Books are pretty fucking amazing. They’re stories, and stories are: distillations of our fears, hopes, dreams, desires, forbidden hopes, and philosophical musings. They’re symbolism. They invent patterns in nature, and meaning from chaos. They are, I’d like to think, humanity’s ultimate attempt to make sense out of this senseless universe we live in. They make the ugly manageable, and the beautiful divine.
Good books can teach us about our own humanity better than our parents or teachers (sorry, guys, you’re still awesome!) because they’re not corrupted by real-life pettiness, or mistakes. They can teach us what we can become, and what the people around us can accomplish. They can teach us to dream beyond the walls of our own small realities, and that there are so many uncountable others out there to experience and discover.
And that these incredible things all come from fallible human minds is pretty awesome! Humans can do some pretty awful things sometimes, but we’re also capable of beauty and complexity.
And having said all that, reading a really awful book can make you appreciate the good ones that much more.
I bring this up because as you may know, I’ve recently started reviewing ARC’s and some of them are really good but some of them are…erm, not so great. There are a few I’ve just had to turn down because I would have felt bad publishing my true thoughts.
But these bad books are worth something as well, because they show, in a way, how hard it is to get it right. It’s like having a clean house: you don’t notice if it’s clean, you only notice when it’s dirty. And for writers, reading bad books can show you what not to do. When it’s not your own writing, it’s much easier to be critical of something that doesn’t work and to learn from that mistake.
Take, for instance, this book I read recently, called White Rabbit. Like, the cover art was great. And the premise was excellent: a fake-psychic detective is actually secretly a real psychic and solves crimes by talking to dead people. Whatever. Great summer reading. I didn’t want anything that would make me think too much. It seemed perfect.
But it was awful. Just awful. The protagonist is meant to be a hard-nosed, chemically dependent detective who doesn’t take shit from anybody. Ok. Sure, I never went into this expecting it to be great literature, so heap on the tropes. But what actually comes out as is the sad, juvenile idea of what someone thinks a hard-nosed chemically dependent detective would be like. And then you realize, oh. Characterization is not as simple as throwing in a few bit lines and giving them a fedora and an amusing cocaine addiction.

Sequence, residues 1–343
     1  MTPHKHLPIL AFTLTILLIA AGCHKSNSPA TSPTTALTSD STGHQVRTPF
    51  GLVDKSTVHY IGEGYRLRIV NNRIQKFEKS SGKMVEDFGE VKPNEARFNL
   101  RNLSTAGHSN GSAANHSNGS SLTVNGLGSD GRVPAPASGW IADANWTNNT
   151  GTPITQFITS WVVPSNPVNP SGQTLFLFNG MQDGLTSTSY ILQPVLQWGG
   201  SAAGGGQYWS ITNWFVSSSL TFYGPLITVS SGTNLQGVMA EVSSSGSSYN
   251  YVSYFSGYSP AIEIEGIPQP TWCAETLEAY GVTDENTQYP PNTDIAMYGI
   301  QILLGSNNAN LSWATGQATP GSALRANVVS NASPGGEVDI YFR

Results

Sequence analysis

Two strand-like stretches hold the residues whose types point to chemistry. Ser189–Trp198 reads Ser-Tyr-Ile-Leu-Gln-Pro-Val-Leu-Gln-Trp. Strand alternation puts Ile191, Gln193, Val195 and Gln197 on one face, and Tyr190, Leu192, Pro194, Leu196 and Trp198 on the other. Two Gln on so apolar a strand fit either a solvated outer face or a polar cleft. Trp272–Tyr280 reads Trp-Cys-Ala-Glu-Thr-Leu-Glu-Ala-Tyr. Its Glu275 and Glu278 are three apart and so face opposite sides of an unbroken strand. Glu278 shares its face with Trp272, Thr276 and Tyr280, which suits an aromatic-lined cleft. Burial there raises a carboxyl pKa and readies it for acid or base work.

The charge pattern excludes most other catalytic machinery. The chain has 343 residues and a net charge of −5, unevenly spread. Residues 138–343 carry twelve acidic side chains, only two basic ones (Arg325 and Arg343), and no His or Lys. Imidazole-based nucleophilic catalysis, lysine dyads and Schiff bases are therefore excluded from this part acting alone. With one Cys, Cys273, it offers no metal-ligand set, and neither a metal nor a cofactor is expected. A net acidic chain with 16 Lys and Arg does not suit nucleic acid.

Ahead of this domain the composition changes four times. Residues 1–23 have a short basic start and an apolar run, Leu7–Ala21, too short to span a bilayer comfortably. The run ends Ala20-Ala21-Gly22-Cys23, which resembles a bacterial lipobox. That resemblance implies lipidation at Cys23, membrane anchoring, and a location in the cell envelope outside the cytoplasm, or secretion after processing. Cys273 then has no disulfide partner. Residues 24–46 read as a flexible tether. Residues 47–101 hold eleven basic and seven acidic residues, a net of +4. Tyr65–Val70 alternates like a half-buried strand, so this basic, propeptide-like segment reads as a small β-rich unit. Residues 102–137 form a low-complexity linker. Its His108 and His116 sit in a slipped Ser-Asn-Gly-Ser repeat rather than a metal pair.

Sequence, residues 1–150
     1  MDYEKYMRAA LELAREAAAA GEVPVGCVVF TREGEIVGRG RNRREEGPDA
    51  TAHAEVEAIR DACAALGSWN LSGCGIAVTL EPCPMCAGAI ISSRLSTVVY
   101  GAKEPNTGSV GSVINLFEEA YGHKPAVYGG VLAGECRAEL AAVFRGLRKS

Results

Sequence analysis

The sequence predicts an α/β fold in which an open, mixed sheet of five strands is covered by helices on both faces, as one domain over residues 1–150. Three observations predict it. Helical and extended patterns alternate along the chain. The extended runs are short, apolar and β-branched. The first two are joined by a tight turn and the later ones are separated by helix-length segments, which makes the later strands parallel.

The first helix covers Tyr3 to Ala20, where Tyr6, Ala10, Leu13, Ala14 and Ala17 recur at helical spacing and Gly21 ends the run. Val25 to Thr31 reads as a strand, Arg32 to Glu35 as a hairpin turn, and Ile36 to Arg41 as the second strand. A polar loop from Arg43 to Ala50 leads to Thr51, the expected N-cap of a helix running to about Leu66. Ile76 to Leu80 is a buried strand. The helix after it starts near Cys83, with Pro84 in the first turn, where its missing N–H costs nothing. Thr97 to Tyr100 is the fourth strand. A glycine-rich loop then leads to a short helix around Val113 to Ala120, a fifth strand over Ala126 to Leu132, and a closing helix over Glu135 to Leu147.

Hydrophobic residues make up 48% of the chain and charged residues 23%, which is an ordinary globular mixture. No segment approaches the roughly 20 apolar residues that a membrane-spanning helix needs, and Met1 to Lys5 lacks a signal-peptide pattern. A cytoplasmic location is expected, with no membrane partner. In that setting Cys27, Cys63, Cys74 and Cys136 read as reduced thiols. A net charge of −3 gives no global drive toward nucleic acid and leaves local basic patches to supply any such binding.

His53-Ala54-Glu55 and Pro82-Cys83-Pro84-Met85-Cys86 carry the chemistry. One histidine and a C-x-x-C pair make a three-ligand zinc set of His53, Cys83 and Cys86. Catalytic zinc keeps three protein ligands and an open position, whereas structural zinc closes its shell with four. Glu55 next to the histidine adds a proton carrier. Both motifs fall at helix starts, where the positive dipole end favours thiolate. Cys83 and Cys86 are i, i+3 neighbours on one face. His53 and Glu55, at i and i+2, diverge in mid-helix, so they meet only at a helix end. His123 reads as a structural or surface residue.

And the dialogue! Cringe. It really makes you realize that there’s more to it than throwing in some regionally-appropriate slang (that may or may not be forty years outdated) and calling it a day.
And this is far from the worst book I’ve ever read. But all these terrible books are great. Because they show you what happens when the wiring gets crossed. The intentions are good and motivated. They almost always are, unless we’re talking about a big-name author who churns out five books a year, and they’re awful in their own special ways. But good intentions do not a good book make, because if they did, everyone and their brother would have written something and the Library of Congress would span continents.
Interesting fact: the Library of Congress adds about 12,000 items to its collection every working day. That is what you might appropriately call a shit-ton of books.
Anyways. I don’t want to linger on White Rabbit because there are plenty of other terrible books to pick on as well, like this one. And this one. And many others. The point is, I don’t think reading bad books is necessarily a waste of time – at least as an educational exercise – because they can teach you so much about what not to do, and can show you what doesn’t work. And if you’re noticing any parallels between a bad book and your own writing, maybe it’s time to change a few things.
So get out there. Read wide. Read indiscriminately. Read critically. Read it all (maybe not all.) Read to learn.
Until next time, word-monkeys.